Or, as I had to sing on a wedding lately: ‘Lord, I want to praise your love, although my soul doesn’t understand. Blessed he, who dares to believe, even when the eye doesn’t see. When Your ways seem dark to me, I do not ask: Why. One day I will see your glory, when entering your heaven.’

With this side note though: I do ask why, because I read that Job did that and David did that and this question is in my heart and I want to be honest. But this surrendering to God, even though you don’t understand a thing, is only possible if you believe that Gods way eventually is the best way.

Life may be far from perfect and my life bumped, broken and crooked. If His ways are perfect, they lead somewhere. And then it this is really true: I am safe with You, I can quietly breath in and out, I can be who I am, with You. So I read another Psalm and feel the pain and the joy and find that this is what makes me human. Broken but real. With my anchor in the God who is perfect in His ways with me, even though it doesn’t feel that way.

This blog was first posted in Dutch on July 23 2018

Rejoice

This blog was first written in Dutch on 22 July 2017

This week I read a different Psalm each day (using a book about the Psalms by Derek Prince). I noticed that these Psalms all started with these words: ‘Praise the Lord’. And I also found that often it says that we should sing joyful songs. I find that hard. Praise the Lord? Be joyful? I wrestle with grief and anger. My child died! And at the same time it feels familiar and it makes sense. If God is really God, He is worthy of our praise, isn’t He?

And now I read Philippians 4:4-9, because Our Daily Bread, the devotional I daily use is talking about this passage. ‘Rejoice in the Lord always. I will say it again: Rejoice!’ Again, my first response is to object. Rejoice? Really? I don’t want to be glad and I don’t want to rejoice, I do not want to invite happy thoughts.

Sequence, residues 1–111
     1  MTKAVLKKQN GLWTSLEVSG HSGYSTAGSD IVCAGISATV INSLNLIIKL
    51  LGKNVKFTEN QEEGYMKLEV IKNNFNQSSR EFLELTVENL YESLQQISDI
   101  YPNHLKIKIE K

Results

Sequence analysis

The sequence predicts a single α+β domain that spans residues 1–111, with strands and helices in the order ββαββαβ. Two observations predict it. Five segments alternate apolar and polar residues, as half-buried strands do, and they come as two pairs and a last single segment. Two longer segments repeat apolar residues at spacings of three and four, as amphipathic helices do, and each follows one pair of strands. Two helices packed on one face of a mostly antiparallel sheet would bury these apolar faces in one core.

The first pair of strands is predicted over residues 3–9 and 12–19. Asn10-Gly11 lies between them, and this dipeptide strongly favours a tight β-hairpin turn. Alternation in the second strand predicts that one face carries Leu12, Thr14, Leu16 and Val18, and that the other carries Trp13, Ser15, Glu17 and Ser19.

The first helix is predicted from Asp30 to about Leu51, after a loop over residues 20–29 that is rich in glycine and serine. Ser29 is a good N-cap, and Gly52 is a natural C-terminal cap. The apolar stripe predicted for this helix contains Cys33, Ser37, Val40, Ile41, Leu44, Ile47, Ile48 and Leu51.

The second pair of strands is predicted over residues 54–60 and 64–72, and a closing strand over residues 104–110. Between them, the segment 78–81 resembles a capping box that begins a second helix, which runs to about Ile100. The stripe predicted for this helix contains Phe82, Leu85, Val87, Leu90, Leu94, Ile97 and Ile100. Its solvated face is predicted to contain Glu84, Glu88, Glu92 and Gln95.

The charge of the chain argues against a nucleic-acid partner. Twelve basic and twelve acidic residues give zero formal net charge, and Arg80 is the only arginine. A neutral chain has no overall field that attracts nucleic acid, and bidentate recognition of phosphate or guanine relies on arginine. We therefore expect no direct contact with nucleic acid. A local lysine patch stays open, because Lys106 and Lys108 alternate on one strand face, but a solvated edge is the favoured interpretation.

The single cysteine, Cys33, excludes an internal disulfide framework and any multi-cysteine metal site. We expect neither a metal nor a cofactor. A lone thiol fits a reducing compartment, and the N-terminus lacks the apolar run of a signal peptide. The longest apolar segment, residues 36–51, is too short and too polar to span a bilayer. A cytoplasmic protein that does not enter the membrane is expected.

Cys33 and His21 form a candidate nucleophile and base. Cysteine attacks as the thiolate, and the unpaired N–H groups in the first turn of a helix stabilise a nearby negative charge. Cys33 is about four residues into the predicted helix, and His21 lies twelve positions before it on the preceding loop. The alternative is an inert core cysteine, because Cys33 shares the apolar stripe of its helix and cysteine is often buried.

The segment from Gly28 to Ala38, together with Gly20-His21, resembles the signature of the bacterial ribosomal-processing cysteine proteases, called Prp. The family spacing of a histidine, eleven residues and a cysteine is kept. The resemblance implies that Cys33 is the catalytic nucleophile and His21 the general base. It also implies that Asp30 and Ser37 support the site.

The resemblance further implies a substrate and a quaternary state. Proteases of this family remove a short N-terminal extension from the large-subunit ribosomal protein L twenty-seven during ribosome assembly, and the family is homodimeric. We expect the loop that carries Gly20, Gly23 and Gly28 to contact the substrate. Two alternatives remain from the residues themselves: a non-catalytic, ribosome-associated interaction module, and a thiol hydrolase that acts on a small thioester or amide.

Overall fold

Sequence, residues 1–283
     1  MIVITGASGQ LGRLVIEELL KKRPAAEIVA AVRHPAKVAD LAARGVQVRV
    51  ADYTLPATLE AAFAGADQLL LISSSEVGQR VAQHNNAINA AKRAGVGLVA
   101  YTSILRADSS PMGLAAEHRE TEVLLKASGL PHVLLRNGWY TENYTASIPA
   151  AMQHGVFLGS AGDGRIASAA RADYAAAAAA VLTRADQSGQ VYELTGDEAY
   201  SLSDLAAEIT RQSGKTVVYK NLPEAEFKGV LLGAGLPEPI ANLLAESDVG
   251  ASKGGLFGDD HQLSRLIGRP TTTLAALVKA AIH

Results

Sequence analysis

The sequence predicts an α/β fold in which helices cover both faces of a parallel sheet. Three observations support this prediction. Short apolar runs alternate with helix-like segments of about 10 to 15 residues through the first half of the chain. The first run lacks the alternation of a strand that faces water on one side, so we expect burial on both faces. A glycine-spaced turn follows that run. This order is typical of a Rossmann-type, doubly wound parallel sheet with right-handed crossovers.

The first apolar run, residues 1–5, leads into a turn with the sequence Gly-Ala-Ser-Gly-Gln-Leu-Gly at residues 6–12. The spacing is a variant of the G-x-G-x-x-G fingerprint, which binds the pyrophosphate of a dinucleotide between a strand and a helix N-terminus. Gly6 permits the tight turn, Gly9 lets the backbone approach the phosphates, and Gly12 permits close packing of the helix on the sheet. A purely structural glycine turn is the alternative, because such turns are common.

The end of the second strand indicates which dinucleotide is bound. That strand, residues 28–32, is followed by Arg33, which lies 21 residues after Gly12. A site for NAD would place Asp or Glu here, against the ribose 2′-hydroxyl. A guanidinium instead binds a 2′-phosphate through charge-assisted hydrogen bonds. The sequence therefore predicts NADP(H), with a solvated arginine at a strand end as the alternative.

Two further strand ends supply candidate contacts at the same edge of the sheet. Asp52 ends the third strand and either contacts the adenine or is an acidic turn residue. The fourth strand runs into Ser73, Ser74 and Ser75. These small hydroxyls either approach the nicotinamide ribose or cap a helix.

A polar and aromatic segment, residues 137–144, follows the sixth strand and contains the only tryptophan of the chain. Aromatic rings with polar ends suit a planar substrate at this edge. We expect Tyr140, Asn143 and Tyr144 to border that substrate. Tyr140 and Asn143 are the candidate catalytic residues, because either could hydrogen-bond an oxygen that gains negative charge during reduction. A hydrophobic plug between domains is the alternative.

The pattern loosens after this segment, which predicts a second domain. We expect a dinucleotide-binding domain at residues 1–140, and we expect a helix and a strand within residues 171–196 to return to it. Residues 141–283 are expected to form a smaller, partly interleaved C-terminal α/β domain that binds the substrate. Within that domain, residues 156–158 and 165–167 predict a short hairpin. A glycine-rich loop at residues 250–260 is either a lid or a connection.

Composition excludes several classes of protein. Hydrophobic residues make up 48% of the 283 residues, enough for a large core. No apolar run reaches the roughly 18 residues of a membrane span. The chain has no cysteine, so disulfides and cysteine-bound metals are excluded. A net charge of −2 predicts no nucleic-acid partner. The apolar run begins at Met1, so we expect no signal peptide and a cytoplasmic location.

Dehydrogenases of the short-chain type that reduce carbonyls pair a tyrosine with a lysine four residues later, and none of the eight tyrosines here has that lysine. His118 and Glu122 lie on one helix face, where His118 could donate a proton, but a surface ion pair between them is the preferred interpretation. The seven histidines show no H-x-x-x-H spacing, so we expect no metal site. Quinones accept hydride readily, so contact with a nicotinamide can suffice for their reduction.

It was our wedding text, Philippians 4:4-9. When we got married in January 2001, there were things we weren’t happy about and our pastor was very surprised that we chose this text. I was chronically ill and it would not become better. I could barely walk (outside of our home I needed a wheelchair), I could not use my hands very well and the prognosis was that it would become worse in the future. I was in constant pain. With great effort, I managed to get my degree at university. It had its effect on me mentally as well. But still, on our wending day, we thought that there was a lot to be happy about. We had found each other and we saw a future together. We knew God, although in the years to come, we found out that we needed to get to know Him better. We were grateful and we wanted to stay grateful, whatever would happen.

And today, exactly four months after the birth of our stillborn daughter, our fifth child, I read this text again. ‘Rejoice’. And: ‘Do not be anxious about anything, but in every situation, by prayer and petition, with thanksgiving, present your requests to God. And the peace of God, which transcends all understanding, will guard your hearts and your minds in Christ Jesus.’

And this really is true, you know. That’s what I am constantly reminded of in the past weeks. It is really true that there is a peace that transcends all understanding. I experienced that peace when I had to that incredibly hard thing: giving birth to a child that had already died. I experienced that peace when I sat down with my little girl in my hands, overwhelmed by how beautiful she was. Grief and amazement and joy and anger, but in the midst of  it all, there was peace.

Is that perhaps what this rejoicing is about? That it is not about being glad about what has happened or is going to happen? But that it is about thinking of what is good and beautiful, and then rejoicing in a good God? When I saw my little girl, I was full of admiration and pride. I could see God had wonderfully and carefully made her, although her life in my opinion was far too short. I was glad that He took great care in making her. Little nails, little hair, little eyes, little ribs, little feet, she was so complete and perfect. If I think about that, I see I have some reason to rejoice. Or, I have to say it differently: by thinking about that, I am rejoicing.